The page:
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Allografts Versus Hamstring-Autografts In Primary Anterior Cruciate Ligament Reconstruction. A Prospective Randomized Trial With A Follow-Up Of 13 Months.

Allografts Versus Hamstring-Autografts In Primary Anterior Cruciate Ligament Reconstruction. A Prospective Randomized Trial With A Follow-Up Of 13 Months.

Paul Ruckenstuhl, MD, Msc, AUSTRIA Tobias Oswald, CM, AUSTRIA Gerald Gruber, MD, Prof., AUSTRIA Andreas Leithner, MD, Prof., AUSTRIA Patrick Sadoghi, MD, AUSTRIA Stefan Fischerauer, MD, MSc, PhD, AUSTRIA Gerwin A. Bernhardt, MD, MBA, FACS, AUSTRIA

Medical University of Graz, Department of Orthopedics and Trauma, Graz, AUSTRIA

2021 Congress   ePoster Presentation     Not yet rated


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Summary: The use of Allografts in primary ACL reconstruction can be considered as a suitable alternative to Hamstring-Autografts.


Anterior Cruciate Ligament (ACL) rupture is common but severe injury and may lead to knee joint instability. Therefore, it requires surgical reconstruction in many cases to provide preinjury stability, especially for patients with a high level of activity. While arthroscopic reconstruction of the ACL is nowadays the gold standard, graft choice is mainly based on surgeon ´s preference. Quadriceps, hamstring and patella autograft tendons are most commonly used. Nowadays Allografts with the advantages of missing donor-site-morbidity, secured graft thickness, careful storage and unrestricted availability gaining upcoming popularity. The aim of this study was to evaluate clinical outcome and HRQOL of Allografts, compared to hamstring Autografts used in primary ACL reconstruction.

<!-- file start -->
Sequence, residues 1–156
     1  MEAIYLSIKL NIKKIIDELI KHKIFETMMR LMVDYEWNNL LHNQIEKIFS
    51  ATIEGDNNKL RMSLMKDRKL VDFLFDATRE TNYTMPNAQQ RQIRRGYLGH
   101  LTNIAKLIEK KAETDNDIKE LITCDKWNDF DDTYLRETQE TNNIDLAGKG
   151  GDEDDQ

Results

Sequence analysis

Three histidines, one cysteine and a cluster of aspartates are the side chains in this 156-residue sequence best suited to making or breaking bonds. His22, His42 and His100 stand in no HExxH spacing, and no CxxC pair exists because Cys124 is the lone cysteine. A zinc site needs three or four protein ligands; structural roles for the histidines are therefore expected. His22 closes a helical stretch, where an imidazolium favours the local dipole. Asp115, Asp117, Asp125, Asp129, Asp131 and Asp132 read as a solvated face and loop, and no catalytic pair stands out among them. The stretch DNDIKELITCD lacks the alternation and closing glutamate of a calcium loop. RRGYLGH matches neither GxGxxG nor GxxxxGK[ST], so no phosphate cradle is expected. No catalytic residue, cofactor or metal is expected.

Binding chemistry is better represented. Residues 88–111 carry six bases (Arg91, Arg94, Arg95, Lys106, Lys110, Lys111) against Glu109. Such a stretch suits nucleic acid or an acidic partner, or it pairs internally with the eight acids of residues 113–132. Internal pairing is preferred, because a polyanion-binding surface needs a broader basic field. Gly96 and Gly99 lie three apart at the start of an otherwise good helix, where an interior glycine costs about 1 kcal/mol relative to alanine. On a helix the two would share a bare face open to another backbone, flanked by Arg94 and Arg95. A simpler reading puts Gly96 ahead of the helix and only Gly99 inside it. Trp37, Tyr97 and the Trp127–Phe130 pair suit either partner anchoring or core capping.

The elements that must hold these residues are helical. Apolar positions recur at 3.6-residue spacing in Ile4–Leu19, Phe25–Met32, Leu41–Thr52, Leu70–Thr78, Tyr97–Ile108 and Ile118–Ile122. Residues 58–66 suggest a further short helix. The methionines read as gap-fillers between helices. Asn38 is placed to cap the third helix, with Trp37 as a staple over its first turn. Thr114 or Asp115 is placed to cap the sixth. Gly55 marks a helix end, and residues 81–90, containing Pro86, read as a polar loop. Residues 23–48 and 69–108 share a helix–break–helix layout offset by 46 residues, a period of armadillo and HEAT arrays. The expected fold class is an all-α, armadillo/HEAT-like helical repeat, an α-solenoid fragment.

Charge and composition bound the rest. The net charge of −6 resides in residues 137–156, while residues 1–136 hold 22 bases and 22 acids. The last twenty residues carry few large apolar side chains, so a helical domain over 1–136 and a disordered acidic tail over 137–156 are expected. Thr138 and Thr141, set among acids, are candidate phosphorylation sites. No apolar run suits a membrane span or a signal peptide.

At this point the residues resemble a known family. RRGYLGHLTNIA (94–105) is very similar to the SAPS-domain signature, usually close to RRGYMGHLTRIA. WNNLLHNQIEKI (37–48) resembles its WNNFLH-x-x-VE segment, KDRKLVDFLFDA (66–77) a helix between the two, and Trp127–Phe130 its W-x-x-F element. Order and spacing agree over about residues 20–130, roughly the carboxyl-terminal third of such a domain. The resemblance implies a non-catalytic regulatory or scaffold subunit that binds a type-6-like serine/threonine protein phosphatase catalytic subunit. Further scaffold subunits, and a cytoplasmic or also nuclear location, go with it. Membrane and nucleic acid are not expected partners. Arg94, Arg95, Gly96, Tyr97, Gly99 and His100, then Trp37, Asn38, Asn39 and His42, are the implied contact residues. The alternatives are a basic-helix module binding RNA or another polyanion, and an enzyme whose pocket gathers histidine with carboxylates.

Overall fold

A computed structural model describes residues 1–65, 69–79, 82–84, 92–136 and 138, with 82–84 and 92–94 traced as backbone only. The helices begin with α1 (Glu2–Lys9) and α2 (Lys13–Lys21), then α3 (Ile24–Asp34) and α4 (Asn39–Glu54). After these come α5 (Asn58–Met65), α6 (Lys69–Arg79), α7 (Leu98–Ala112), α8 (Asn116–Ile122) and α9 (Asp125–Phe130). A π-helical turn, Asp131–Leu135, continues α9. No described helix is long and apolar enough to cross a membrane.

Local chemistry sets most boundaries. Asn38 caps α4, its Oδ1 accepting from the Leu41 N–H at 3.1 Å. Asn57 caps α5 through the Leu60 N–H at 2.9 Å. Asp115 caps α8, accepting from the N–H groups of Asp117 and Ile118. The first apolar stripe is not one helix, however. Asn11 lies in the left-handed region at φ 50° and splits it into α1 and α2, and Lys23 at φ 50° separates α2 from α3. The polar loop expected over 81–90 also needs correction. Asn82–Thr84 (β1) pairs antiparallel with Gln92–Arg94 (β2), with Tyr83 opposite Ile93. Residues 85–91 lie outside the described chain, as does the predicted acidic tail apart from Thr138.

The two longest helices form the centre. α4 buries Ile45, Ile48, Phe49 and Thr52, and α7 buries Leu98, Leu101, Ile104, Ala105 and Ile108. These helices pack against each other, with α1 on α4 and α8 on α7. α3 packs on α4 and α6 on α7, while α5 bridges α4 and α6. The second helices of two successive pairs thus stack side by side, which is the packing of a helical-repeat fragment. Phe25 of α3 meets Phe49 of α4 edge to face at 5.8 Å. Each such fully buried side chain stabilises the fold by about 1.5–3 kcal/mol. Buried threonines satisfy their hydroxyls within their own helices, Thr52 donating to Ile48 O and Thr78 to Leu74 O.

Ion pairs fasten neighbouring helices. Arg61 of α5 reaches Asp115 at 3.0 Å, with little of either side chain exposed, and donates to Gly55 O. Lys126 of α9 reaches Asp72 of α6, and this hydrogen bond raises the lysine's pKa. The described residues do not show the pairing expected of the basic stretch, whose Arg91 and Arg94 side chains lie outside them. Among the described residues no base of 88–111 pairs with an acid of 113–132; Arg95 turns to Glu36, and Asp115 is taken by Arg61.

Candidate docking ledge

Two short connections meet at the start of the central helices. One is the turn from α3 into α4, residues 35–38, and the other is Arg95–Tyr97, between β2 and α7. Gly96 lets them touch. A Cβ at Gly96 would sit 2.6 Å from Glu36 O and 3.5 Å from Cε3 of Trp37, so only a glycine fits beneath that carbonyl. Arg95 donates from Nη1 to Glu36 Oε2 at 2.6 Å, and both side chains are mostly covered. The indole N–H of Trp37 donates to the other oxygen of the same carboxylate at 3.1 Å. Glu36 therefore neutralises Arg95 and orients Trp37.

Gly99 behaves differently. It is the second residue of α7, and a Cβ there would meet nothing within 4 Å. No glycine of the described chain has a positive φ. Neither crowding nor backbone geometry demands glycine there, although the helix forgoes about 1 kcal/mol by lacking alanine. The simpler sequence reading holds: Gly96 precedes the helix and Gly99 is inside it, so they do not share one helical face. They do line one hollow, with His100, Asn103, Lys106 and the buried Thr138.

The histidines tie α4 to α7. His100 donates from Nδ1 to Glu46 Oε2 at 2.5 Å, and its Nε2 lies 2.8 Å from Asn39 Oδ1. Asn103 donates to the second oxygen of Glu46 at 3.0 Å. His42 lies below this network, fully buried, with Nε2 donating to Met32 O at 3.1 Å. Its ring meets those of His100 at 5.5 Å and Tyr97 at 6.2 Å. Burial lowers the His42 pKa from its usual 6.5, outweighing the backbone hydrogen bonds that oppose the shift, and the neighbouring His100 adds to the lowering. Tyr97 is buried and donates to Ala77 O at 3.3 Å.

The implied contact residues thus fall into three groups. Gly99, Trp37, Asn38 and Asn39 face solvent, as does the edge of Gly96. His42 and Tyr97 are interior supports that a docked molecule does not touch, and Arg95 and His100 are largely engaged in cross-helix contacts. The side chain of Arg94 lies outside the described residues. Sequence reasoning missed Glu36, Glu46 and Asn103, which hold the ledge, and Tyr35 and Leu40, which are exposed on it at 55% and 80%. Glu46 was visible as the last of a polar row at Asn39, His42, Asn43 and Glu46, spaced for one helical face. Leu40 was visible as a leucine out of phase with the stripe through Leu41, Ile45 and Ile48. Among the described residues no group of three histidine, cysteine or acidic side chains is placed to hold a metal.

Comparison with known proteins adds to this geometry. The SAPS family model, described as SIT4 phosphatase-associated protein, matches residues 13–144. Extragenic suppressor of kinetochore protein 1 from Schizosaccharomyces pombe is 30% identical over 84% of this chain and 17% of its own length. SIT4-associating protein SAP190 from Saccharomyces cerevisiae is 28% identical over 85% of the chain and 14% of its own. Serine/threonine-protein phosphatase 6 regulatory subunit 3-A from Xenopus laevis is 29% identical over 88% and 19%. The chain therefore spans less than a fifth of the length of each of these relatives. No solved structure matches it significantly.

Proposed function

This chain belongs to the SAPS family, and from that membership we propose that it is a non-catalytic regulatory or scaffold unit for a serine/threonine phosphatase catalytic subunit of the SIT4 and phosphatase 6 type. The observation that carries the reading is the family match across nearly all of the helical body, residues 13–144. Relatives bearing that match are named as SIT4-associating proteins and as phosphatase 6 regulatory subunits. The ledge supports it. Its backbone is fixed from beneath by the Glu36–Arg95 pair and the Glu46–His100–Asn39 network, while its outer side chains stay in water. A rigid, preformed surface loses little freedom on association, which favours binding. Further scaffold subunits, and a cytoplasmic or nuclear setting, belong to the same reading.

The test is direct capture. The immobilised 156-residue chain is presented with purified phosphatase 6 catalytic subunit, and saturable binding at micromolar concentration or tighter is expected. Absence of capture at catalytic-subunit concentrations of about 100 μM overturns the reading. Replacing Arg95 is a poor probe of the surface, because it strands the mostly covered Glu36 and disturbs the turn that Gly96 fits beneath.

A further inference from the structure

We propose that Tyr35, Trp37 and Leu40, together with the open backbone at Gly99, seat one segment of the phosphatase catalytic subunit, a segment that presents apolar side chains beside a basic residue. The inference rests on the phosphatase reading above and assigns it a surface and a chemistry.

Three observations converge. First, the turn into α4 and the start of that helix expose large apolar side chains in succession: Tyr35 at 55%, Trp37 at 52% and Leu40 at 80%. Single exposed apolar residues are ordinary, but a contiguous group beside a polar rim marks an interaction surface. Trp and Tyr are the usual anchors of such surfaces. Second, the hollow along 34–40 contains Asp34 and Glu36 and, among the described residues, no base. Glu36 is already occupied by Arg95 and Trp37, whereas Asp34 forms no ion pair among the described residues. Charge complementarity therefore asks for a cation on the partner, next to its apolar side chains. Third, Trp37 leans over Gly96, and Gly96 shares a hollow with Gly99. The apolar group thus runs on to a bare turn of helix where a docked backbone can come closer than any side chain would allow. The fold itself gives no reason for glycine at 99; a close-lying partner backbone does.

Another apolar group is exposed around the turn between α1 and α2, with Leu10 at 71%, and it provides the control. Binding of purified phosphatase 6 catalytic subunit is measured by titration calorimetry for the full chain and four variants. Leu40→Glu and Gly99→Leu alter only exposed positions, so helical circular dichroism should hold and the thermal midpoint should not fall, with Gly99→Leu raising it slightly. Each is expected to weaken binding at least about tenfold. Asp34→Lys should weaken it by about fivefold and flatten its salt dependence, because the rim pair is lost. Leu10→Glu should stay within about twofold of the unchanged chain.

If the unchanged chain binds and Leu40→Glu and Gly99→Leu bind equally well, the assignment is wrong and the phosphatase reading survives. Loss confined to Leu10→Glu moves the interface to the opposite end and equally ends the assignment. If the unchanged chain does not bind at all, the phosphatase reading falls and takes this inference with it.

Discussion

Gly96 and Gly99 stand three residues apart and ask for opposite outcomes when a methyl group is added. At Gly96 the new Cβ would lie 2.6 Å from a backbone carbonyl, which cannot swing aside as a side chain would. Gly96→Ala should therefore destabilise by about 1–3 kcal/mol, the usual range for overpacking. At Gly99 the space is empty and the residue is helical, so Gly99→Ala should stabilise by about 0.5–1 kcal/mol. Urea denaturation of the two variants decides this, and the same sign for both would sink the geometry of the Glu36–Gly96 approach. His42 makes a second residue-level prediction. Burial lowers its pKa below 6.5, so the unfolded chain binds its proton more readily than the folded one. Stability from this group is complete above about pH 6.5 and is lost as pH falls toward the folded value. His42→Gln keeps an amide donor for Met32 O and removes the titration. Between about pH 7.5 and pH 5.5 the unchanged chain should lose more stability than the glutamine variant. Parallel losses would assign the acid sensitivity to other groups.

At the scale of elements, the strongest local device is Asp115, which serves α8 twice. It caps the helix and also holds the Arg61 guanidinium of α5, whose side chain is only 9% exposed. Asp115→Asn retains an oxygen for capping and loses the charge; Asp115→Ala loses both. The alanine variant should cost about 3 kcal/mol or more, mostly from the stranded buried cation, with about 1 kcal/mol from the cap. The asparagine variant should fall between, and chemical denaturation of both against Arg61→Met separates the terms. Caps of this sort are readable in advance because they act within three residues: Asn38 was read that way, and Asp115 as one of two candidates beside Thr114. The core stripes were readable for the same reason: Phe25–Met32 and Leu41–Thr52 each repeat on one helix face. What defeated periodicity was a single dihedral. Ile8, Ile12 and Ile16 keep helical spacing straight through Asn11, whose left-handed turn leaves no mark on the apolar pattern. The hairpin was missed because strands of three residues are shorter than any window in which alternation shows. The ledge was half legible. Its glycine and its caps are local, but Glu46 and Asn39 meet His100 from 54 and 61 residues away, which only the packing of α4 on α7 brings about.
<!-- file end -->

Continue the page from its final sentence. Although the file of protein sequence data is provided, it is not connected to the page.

Material And Methods

A total of 17 patients were included in this present randomized prospective study during the follow-up period of 13 months. Allografts were used in 14 patients, whereas 13 patients were treated with a Hamstring-Autograft tendon. Preoperative, 6 and 12 weeks as well as 6 and 13 months postoperative all patients were examined regarding knee function, health related quality of life, range of motion, knee stability and pain. Therefore, the IKDC and the Tegner-Activity-Scale were applied. An MRI was made preoperative as well as six months and one year after surgery. Allografts processing was constant and the operation technique was the same in both groups.


The postoperative results 13 months after surgery presented no statistically significant differences for the IKDC (p = 0.303) as well as for the Tegner-Activity-Scale (p= 0.596) between the two study groups. During the follow-up period a significant improvement was detected in the Autograft group (p=0.002). The Allograft group presented significantly worse postoperative IKDC results compared to the Autograft group (p=0.037). No instability or radiographic sign of re-rupture was detected in both groups. The operation time was significantly shorter in the Allograft group.


This is one of the first studies prospectively comparing Allografts and Autografts in primary ACL reconstruction. Allografts provide equal postoperative results to hamstring Autografts in regarding functional parameters. Significantly better patient related results were measurable for Autografts. However, the use of Allografts presented a significantly shorter operation time. In conclusion, the use of Allografts in primary ACL reconstruction could be considered as an alternative to Autografts, however results in the long term have to be waited for.